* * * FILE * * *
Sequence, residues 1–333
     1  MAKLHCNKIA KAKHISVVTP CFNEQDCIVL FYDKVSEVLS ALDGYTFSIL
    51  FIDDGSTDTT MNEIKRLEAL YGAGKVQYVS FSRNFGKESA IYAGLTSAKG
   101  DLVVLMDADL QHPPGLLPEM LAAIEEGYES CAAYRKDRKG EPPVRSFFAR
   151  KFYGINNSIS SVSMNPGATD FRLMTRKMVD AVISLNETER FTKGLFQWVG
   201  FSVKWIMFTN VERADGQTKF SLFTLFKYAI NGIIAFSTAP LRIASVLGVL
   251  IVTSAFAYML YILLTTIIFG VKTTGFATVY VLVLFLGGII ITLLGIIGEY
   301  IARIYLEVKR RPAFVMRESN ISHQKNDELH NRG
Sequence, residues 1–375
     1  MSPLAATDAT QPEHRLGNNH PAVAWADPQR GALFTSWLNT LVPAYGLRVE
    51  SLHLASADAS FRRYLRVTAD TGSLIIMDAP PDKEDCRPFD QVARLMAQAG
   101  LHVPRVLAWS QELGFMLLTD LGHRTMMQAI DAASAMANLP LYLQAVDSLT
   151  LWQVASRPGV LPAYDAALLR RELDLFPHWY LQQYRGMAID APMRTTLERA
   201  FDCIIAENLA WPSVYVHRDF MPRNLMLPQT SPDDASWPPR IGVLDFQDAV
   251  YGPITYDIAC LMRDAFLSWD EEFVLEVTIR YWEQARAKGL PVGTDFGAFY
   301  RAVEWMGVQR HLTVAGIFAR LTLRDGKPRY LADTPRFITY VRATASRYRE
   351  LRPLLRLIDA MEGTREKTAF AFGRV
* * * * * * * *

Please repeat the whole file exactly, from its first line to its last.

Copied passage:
Sequence, residues 1–333
     1  MAKLHCNKIA KAKHISVVTP CFNEQDCIVL FYDKVSEVLS ALDGYTFSIL
    51  FIDDGSTDTT MNEIKRLEAL YGAGKVQYVS FSRNFGKESA IYAGLTSAKG
   101  DLVVLMDADL QHPPGLLPEM LAAIEEGYES CAAYRKDRKG EPPVRSFFAR
   151  KFYGINNSIS SVSMNPGATD FRLMTRKMVD AVISLNETER FTKGLFQWVG
   201  FSVKWIMFTN VERADGQTKF SLFTLFKYAI NGIIAFSTAP LRIASVLGVL
   251  IVTSAFAYML YILLTTIIFG VKTTGFATVY VLVLFLGGII ITLLGIIGEY
   301  IARIYLEVKR RPAFVMRESN ISHQKNDELH NRG
Sequence, residues 1–375
     1  MSPLAATDAT QPEHRLGNNH PAVAWADPQR GALFTSWLNT LVPAYGLRVE
    51  SLHLASADAS FRRYLRVTAD TGSLIIMDAP PDKEDCRPFD QVARLMAQAG
   101  LHVPRVLAWS QELGFMLLTD LGHRTMMQAI DAASAMANLP LYLQAVDSLT
   151  LWQVASRPGV LPAYDAALLR RELDLFPHWY LQQYRGMAID APMRTTLERA
   201  FDCIIAENLA WPSVYVHRDF MPRNLMLPQT SPDDASWPPR IGVLDFQDAV
   251  YGPITYDIAC LMRDAFLSWD EEFVLEVTIR YWEQARAKGL PVGTDFGAFY
   301  RAVEWMGVQR HLTVAGIFAR LTLRDGKPRY LADTPRFITY VRATASRYRE
   351  LRPLLRLIDA MEGTREKTAF AFGRV